About that time I found a copy of Randy Engel's book, It distressed me no end to discover how blind I had been all this time concerning the poison ladled out to innocent children right under my nose and how parents were being so deceived. They thought it was good that the school was helping their children in the field of sex.

Incidently, when I informed the parents one Sunday morning what the agents of Planned Parenthood were feeding their children in sex-ed they wouldn't believe it, and failed to pull their children out of these classes.

But the NCCL had been aware all along of the evil of classroom sex-ed, and perhaps we might summarize here what they stand for and what they are trying to accomplish.

The National Coalition of Clergy and Laity, vowed to advance the mission of the Magisterium and support the Holy Father, work to strengthen and sanctify families. In pursuing this objective they have announced that for the 1990s they will work to secure a ban on classroom sex education in every diocese and archdiocese of the United States and the world. In their explanatory brochure, they state:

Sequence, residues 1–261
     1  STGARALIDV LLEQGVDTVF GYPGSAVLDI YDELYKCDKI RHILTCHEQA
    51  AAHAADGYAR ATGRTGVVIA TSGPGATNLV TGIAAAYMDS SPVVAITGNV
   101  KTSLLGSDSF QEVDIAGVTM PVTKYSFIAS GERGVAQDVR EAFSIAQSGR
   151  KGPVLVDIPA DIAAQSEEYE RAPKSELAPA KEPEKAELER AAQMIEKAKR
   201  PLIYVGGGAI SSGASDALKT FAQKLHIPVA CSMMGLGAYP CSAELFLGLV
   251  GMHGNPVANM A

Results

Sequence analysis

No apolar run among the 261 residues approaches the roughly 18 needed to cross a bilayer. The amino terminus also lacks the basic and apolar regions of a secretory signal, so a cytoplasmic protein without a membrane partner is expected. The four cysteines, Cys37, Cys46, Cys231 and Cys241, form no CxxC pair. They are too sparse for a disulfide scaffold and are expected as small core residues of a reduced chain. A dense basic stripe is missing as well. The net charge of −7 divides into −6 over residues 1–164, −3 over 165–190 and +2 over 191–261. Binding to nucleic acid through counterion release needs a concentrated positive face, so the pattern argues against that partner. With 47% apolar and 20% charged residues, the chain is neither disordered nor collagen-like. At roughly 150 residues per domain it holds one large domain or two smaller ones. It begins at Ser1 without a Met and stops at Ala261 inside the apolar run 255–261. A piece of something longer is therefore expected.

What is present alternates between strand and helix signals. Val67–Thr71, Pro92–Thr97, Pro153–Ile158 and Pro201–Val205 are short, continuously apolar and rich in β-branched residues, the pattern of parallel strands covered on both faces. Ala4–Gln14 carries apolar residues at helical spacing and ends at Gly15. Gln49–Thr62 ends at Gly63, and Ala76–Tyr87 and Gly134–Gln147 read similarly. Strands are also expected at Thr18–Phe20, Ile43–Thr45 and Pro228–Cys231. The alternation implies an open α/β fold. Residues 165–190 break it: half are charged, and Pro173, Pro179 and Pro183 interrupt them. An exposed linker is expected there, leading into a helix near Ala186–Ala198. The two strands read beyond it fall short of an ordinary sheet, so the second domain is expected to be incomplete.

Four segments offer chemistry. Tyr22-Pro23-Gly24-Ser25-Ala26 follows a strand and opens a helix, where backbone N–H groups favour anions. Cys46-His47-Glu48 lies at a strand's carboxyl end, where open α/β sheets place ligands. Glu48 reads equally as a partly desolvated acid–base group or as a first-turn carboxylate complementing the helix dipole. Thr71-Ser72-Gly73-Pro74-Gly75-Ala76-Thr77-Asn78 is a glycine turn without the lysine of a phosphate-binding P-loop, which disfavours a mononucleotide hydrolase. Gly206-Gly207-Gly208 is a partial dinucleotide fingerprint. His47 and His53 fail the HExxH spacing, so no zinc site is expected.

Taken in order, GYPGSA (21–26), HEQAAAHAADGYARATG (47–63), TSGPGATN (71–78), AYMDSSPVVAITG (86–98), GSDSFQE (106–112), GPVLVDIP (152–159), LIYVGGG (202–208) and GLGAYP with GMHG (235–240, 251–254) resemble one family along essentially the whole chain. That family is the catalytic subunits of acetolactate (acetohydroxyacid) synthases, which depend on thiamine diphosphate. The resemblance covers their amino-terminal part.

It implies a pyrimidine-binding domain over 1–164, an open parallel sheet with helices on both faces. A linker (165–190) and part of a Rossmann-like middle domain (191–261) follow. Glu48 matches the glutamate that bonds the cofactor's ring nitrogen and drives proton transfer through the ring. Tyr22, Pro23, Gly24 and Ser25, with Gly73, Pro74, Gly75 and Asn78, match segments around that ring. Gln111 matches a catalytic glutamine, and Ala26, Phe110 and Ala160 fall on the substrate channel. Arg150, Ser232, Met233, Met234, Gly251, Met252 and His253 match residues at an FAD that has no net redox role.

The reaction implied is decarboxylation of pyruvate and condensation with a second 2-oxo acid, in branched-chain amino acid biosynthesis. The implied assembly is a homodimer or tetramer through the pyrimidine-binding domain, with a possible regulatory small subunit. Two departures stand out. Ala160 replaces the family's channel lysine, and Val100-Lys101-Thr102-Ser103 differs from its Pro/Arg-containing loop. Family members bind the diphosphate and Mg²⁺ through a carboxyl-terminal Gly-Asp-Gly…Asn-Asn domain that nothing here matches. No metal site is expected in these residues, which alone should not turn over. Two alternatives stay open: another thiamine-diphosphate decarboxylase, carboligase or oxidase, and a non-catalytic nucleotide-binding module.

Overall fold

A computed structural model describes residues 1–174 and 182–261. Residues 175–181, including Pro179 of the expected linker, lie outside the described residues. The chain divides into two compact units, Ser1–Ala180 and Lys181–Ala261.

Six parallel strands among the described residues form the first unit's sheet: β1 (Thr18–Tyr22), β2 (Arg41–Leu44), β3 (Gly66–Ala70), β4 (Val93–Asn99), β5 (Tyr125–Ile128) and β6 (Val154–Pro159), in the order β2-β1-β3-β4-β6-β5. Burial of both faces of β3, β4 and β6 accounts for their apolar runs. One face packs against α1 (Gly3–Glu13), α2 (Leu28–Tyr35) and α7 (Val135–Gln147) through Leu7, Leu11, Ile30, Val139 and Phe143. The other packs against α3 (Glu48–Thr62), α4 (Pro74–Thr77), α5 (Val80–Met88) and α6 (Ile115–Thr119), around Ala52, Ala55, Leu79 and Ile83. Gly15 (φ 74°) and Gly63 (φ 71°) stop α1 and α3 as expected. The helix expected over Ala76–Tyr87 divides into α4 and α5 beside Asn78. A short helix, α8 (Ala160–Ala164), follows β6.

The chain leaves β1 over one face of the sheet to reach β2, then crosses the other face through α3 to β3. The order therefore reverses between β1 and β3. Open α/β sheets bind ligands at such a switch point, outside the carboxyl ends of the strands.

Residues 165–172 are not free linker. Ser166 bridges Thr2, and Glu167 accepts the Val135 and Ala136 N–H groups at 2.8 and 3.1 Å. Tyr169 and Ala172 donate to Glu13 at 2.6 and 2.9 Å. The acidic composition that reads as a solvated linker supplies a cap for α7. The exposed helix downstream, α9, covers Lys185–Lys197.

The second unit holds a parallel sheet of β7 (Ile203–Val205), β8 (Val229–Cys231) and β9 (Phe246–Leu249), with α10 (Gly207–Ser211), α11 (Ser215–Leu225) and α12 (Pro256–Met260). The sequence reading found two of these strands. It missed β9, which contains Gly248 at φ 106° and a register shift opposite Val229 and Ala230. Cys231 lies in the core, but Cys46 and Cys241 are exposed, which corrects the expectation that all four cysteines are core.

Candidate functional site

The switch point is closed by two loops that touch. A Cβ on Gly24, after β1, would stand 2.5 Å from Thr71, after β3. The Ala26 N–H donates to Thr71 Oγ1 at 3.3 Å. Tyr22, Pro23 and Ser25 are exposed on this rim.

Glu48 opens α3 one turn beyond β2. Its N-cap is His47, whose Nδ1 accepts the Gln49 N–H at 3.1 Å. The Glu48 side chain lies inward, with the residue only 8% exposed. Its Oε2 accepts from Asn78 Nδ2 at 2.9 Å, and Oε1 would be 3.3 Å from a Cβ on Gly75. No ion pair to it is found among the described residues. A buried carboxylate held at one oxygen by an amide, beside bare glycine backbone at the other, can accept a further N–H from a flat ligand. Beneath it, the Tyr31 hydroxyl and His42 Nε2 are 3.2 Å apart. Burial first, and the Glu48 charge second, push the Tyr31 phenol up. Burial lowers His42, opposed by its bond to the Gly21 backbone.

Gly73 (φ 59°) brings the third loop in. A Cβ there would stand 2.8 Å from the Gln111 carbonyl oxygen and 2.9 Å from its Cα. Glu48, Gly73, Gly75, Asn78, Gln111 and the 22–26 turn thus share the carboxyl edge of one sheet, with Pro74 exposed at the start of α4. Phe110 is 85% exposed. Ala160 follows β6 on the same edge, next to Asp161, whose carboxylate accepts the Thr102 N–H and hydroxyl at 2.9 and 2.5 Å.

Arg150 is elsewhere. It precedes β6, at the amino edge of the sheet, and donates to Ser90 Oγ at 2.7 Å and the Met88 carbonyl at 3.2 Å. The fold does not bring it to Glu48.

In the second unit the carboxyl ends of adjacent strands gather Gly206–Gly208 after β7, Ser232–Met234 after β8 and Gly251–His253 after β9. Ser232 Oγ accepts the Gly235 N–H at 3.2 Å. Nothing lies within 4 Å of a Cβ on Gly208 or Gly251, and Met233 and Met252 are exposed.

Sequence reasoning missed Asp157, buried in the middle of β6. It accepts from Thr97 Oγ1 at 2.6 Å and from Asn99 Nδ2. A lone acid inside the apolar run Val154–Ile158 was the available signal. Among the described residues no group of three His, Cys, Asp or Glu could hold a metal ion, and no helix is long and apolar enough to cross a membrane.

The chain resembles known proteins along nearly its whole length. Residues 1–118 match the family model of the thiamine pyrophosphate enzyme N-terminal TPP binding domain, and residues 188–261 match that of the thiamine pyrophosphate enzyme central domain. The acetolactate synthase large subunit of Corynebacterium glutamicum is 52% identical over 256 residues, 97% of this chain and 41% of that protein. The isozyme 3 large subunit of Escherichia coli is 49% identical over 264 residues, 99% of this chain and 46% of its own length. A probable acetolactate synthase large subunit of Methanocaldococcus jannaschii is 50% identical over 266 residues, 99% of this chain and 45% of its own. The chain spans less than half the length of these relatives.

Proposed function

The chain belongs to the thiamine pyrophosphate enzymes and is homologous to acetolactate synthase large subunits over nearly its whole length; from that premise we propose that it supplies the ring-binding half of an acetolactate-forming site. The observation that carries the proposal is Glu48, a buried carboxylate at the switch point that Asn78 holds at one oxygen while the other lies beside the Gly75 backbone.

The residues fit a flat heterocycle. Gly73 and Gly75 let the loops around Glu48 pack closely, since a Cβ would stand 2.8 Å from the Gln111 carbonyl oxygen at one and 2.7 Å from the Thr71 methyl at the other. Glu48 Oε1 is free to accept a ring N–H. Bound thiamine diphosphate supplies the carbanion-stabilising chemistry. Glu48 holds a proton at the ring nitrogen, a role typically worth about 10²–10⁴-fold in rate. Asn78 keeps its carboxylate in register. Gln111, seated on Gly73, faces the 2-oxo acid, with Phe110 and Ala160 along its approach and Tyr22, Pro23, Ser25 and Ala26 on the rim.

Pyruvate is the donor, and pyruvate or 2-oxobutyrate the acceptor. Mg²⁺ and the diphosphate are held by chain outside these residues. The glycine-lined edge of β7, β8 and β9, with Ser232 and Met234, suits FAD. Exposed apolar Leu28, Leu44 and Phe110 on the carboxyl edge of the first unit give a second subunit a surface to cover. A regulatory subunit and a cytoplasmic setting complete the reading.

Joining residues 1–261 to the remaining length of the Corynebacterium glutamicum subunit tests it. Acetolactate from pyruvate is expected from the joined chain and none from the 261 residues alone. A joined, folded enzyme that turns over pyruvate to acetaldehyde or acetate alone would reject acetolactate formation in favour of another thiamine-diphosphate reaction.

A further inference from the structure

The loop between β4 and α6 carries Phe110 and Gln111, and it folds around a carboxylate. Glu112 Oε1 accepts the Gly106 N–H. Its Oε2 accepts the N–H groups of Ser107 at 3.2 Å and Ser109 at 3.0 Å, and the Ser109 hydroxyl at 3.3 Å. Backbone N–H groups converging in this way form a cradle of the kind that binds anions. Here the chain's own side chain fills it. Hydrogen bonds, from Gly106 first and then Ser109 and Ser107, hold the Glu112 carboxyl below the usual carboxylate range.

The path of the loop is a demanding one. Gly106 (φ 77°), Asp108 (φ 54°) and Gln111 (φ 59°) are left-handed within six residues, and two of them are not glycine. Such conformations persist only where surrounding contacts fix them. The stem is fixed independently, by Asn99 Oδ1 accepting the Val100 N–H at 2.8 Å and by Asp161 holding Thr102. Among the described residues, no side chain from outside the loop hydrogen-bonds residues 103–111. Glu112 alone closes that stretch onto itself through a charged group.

We are convinced that once sex-ed is banished from the classroom, a genuine Catholic restoration will have commenced. We fear, on the other hand, that should the evil not be dispelled, dire consequences for the Church and the western civilization will inevitably follow.

In answer to the question why classroom sex education is so evil, they state:

Classroom sex education is a perversion of nature. It makes that which is by its very nature private and intimate, public and open.

All education is an activity which is essentially public, but because matters of sex are private and intimate (and pertain fundamentally to the family), the teaching of sex can not ever be accomplished in the classroom without violating that privacy and intimacy.

Such a violation is an abominable form of scandal, scandal of the sort which our Lord solemnly and literally condemned when he declared: "And whoever receives one of these little ones who believe in me to sin, it were better for him to have a millstone hung around his neck, and to be drowned in the depths of the sea" (Matt. 18:5-6).